Recent years, dispersive liquid-liquid microextraction (DLLME) is a new miniaturize extraction technique which has been introduced by Rezaee and co-workers in 2006 [40]. DLLME basically depends on the three-component solvent systems (aqueous sample, dispersive solvent, and extractive solvent). The appropriate mixture of the extraction solvent (organic) and dispersive solvent (water-organic miscible solvent) can be injected into the aqueous sample, and thus, cloudy solvent should be formed. Subsequently, via the centrifuge, analytes are separated from the organic phase. In the extractive solvent, concentrated analytes should be injected to the GC, LC or electromigration instruments for the purpose of separation and detection [21].

4.3.3. Hollow fiber liquid phase microextraction

Hollow fiber liquid phase microextraction (HF-LPME) was introduced by Bjergaard and Rasmussen in 1999 [41]. The main basis of the hollow fiber-based LPME is to fill the little sample vial with the targeted liquid sample, and porous hollow fiber is placed into the samples. The volume of liquid sample and length of fiber are varying between 0.1 and 4 mL and 1.5–10 cm, respectively. Before the extraction, immersed a part of the hollow fiber to the organic solvent immobilizes the solvent on the hollow fiber and then excess of the solvent is removed [42]. HF-LPME is a simple and cheap technique that ensures analyte extraction from complex samples. The analyte can be extracted by extractant from liquid samples in the two phase LPME sampling mode. This extractant is into the porous hollow fiber which is made from polypropylene material supported with microinjector. In this sampling mode, acceptor phase is organic, so that this system is compatible with GC and HPLC in order to total analysis [43]. HF-LPME can be done in two modes such as static or dynamic, and the second one gives less operating time, while it cannot be automated, and therefore, it is necessary to optimize and control [44]. This technique is successfully used in the complex matrix such as foodstuffs for the purpose of the cleaning and extracting of the samples [1].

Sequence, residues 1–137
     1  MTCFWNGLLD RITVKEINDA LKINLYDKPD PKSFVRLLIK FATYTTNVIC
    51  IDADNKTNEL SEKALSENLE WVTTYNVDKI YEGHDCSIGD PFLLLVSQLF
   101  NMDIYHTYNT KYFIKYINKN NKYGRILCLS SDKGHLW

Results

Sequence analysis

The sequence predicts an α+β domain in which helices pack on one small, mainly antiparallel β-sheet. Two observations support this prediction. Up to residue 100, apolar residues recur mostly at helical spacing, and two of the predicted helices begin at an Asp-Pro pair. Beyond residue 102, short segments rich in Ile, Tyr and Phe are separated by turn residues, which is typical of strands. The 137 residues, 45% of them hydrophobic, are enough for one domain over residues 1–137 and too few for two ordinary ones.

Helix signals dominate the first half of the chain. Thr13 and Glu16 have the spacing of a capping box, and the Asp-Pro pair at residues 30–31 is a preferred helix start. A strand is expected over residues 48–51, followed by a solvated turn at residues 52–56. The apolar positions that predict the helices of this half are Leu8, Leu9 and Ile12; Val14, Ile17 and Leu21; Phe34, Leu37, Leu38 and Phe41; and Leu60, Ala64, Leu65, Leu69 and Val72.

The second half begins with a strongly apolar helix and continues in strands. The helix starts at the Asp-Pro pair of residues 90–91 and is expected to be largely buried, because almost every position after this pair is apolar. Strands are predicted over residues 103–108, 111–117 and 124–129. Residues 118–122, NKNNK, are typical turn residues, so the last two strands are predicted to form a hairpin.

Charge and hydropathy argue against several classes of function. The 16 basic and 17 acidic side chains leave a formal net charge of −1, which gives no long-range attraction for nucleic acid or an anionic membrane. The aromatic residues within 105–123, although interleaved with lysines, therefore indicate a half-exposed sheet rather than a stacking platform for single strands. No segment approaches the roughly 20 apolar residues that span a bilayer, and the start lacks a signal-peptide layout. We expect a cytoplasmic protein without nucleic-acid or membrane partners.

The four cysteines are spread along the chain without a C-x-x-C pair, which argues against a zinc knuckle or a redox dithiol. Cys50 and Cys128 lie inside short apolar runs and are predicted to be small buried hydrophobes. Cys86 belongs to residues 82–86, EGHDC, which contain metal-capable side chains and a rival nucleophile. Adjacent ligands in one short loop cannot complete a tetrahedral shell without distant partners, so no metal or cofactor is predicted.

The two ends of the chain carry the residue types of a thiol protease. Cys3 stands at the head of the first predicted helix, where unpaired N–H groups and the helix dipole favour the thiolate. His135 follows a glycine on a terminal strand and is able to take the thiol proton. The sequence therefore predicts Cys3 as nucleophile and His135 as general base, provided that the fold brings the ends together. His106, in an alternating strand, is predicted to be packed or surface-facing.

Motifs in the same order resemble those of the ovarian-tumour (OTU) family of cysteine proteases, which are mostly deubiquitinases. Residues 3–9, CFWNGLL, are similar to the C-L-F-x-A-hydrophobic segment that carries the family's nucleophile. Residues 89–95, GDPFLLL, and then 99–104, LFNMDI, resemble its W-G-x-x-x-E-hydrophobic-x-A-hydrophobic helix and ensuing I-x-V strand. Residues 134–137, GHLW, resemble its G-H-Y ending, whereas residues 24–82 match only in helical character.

4.4. Ultrasound-assisted extraction